was a Cogeneration Plant!
Cogeneration and trigeneration systems are
becoming increasingly attractive options for businesses and consumers alike
because of the cost, emissions, reliability, and power quality advantages that
these systems can provide. While
there have been significant improvements in the technologies that are making
them more attractive to potential users, the benefits of cogeneration are not new.
Few people realize that the very first commercial
power plant in the United States ó Thomas Edisonís Pearl Street Station,
which was built in lower Manhattan in 1882 ó was not only the first power
plant in the United States it was also the first cogeneration plant as it made
and distributed both electricity and thermal energy.
Clearly, cogeneration is a proven technology with a long track record of
Why is it important for us to expand the use of
cogeneration in our economy and around the world?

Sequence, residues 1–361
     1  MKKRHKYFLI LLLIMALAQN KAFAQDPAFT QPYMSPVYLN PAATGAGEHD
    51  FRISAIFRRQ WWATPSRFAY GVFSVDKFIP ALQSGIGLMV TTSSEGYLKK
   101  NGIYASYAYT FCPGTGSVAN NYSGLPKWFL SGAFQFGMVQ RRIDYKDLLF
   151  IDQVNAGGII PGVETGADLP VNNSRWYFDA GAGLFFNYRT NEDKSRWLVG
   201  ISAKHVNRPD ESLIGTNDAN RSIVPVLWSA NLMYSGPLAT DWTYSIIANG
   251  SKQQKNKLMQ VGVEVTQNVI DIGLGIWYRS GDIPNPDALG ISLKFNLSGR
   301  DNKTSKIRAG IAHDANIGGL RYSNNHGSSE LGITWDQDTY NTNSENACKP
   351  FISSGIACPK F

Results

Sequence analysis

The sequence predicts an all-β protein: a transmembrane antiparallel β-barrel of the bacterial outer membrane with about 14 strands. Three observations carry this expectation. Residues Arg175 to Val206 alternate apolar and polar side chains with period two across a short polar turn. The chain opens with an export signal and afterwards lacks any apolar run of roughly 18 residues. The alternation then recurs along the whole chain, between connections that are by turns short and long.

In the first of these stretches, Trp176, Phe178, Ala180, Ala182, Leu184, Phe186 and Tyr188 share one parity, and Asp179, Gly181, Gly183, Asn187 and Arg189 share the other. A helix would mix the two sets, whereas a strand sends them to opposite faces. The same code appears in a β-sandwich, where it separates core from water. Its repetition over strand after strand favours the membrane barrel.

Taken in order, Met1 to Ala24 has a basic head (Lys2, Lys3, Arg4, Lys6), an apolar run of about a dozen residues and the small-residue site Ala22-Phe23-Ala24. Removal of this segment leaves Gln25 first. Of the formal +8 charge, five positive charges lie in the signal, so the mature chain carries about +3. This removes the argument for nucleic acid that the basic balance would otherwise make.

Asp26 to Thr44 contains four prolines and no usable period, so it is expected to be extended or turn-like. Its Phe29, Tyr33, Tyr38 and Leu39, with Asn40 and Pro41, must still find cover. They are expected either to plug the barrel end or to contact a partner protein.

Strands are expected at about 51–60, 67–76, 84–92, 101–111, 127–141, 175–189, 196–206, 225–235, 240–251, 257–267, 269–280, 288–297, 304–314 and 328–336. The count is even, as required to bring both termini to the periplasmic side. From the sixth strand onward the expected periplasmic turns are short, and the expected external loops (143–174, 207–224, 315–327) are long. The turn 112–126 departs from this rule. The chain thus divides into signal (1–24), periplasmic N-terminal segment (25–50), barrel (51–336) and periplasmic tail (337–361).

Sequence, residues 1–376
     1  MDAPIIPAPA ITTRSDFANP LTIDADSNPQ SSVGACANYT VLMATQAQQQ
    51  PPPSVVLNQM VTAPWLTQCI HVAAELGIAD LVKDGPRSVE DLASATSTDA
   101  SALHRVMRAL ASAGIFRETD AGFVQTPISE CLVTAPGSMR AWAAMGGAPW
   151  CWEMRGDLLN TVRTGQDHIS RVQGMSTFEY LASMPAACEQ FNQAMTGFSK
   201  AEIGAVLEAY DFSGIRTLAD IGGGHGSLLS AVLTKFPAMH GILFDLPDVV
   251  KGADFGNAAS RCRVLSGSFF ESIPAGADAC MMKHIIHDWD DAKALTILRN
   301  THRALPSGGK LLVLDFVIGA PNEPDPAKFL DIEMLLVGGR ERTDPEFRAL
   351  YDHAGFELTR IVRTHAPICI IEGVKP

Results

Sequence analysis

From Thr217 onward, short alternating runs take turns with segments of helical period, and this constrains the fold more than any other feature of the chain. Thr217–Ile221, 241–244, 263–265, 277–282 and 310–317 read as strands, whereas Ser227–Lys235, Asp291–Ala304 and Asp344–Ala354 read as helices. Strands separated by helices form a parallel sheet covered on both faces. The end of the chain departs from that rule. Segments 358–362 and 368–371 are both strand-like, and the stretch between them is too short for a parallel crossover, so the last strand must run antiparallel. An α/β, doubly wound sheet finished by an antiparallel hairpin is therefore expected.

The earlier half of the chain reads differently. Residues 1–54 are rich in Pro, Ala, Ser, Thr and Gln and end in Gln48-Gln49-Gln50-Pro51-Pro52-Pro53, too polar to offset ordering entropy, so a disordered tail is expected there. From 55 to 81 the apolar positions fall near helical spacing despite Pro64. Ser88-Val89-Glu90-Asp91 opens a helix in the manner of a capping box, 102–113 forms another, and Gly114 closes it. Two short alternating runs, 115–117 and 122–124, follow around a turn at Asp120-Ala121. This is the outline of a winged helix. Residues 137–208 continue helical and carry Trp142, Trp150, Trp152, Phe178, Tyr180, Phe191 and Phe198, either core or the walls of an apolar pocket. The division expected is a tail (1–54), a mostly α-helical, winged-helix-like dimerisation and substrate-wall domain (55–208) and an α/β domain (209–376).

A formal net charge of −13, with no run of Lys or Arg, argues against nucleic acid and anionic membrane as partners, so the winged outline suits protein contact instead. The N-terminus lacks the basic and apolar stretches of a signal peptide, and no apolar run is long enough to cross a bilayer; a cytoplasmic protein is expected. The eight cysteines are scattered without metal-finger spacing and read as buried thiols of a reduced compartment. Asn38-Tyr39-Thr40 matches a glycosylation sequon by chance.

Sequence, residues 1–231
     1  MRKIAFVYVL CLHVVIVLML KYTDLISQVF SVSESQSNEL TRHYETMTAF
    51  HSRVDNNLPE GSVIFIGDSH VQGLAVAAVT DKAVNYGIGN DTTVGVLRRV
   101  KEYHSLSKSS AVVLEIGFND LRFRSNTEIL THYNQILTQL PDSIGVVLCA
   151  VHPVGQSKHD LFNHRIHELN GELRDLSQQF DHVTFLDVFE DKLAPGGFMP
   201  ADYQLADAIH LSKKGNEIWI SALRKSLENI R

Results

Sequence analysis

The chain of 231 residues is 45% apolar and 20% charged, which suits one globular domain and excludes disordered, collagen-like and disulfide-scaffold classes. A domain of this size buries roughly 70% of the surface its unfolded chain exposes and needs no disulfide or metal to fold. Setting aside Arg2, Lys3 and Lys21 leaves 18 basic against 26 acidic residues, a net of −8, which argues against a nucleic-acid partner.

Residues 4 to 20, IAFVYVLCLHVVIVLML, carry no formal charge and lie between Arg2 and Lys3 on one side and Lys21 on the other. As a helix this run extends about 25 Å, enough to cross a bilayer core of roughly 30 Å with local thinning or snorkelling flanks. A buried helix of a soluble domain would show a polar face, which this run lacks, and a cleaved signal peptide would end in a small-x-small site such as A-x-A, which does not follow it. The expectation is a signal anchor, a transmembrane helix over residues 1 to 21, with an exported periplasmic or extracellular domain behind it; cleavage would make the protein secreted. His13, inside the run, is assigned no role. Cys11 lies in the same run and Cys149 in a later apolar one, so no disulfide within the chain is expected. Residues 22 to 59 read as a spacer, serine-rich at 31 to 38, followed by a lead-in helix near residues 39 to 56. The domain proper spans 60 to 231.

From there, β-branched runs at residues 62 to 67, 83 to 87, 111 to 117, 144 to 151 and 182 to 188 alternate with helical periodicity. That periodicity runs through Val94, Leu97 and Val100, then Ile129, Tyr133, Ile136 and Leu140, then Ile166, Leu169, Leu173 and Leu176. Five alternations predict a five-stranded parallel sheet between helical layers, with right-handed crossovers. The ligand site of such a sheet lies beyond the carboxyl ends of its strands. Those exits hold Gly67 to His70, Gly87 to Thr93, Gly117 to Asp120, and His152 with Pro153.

Two-thirds of the fuel used to make electricity
today in the United States is wasted. While there have been impressive energy
efficiency gains in other sectors of the economy since the oil price shocks of
the 1970s, the average efficiency of power generation in the United States has
stagnated at around 33 percent since 1960. The thermal losses in power plants
total approximately 23 quadrillion BTUs of energy, representing one-quarter of
total energy consumption in the United States, enough energy to fuel the
nationís entire transportation fleet, Japanís entire economy, or the annual
energy production of Saudi Arabia. This
energy waste means higher than needed emissions of pollutants like sulfur
dioxides, oxides of nitrogen, particulates, volatile organic compounds, and
It is important to acknowledge that increasing the
use of cogeneration systems is - and has been, for over one hundred years - one of the best
technologies available for
reducing greenhouse gas emissions and conserving fuel.